This wedding industry doesn't have to be crazy. Weddings don't have to be crazy. Getting married doesn't have to be crazy. There's enough crazy in the world. I think if we can move towards different language, and a great appreciation for the differences in our execution of events, then we can better support each other in this creative, exciting, ever changing, and fully rewarding industry.
Lisa of Linnaea Floral and Event Design and The Elope Co.
Lisa on her wedding day last September in Scotland. Photo by The Kismet Collective.
You spent the past several years working as a PICU nurse tech before transitioning full time to running your floral business. What did that environment teach you about life? People? Your capabilities as a person?
It's hard to think about how different my life is now from my years in the PICU. It was (and is) a whole different world. I started to write about it shortly after I left; the dichotomy of spending weekdays with families experiencing the worst days of their life in the hospital, and weekends with families experiencing the best days of their life at our weddings.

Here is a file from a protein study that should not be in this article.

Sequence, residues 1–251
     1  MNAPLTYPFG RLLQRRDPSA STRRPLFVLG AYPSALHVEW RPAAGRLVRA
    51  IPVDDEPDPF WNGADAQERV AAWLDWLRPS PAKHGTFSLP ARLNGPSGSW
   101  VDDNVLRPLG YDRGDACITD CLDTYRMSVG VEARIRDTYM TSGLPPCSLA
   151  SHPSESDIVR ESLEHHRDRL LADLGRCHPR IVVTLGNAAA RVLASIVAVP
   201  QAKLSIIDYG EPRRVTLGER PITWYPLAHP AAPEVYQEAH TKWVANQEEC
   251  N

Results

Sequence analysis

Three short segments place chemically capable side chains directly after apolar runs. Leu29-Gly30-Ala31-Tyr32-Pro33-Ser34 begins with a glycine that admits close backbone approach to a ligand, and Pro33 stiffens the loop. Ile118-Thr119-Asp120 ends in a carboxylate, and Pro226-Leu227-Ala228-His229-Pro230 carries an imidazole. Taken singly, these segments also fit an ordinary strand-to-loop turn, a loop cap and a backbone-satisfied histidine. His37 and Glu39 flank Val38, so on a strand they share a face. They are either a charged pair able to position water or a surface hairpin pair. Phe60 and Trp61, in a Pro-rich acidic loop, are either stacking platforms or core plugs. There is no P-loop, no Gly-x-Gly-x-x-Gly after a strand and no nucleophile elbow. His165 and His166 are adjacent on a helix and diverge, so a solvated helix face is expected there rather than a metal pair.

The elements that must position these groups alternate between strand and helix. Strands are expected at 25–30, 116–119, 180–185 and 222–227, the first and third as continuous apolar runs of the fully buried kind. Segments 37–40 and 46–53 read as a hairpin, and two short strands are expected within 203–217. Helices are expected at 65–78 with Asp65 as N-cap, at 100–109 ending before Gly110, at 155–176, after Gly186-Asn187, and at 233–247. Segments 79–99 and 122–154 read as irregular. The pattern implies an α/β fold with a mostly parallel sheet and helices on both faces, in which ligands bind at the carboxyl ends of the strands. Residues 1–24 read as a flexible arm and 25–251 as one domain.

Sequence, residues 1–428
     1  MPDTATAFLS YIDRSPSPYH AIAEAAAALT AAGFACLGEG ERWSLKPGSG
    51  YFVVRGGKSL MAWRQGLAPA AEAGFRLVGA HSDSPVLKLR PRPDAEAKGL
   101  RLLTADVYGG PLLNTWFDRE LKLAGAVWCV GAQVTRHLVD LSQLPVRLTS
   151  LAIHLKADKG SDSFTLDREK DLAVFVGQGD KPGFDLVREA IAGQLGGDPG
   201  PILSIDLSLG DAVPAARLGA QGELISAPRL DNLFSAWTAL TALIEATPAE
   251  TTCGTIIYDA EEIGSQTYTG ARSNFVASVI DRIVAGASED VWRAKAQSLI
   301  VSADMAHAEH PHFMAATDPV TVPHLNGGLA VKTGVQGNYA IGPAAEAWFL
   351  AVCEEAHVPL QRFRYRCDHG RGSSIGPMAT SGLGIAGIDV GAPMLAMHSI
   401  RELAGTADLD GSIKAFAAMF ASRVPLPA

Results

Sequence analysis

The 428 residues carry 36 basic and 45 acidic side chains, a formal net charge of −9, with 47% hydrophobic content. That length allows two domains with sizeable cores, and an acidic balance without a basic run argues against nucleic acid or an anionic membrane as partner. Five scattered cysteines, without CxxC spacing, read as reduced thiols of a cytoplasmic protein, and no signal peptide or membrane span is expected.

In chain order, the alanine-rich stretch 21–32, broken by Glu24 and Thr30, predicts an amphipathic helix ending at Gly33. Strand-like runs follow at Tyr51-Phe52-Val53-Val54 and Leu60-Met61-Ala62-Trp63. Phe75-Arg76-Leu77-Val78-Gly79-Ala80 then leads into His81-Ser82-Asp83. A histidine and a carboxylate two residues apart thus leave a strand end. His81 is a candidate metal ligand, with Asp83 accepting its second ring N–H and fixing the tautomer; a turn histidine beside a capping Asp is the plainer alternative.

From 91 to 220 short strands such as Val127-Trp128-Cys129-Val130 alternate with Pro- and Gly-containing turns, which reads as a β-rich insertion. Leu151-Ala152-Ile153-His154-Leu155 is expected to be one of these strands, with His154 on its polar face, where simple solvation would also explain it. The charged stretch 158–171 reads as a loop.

You have to separate yourself from all the insanely sad parts and normalize it or it'll eat you up, and you lean on your coworkers, who are more like family. I'm not gonna lie, it was HARD. Physically and emotionally. I built up a pretty solid shell around my heart and I didn't realize how much it affected me until I left. You really really learn to celebrate the best days, ya know? If I think too much about it, I'll get emotional so I'll just leave it at that.
You and your twin sister both found your way to flowers, how was that inspired? Do you work together to draw inspiration and resources from eachother?
Oof. It's so weird. She just got a second job at a flower shop to occupy her time while her now hubby was in dental school. Our friends started getting married, she got to do their flowers. I weaseled my way in to help, and the rest is history. I remember thinking in high school that working at a flower shop would be so much fun, but I honestly never saw myself here. And especially the two of us doing the exact same thing on opposite sides of the country! It's crazy, but also amazing.
We definitely spend a lot of time asking each other advice about this or that floral related thing, we'll literally FaceTime while designing just to hang out and get critique, and we'll text each other when our brains are fried and we need a second set of eyes on a proposal or floral order. Not many siblings have that kind of connection!
Lisa with her wedding bouquet. By The Kismet Collective.
A few years ago, you started The Elope Co., a full service elopement and intimate wedding branch of your business. How did you know it was time to move in this direction as a creative, and as an artist?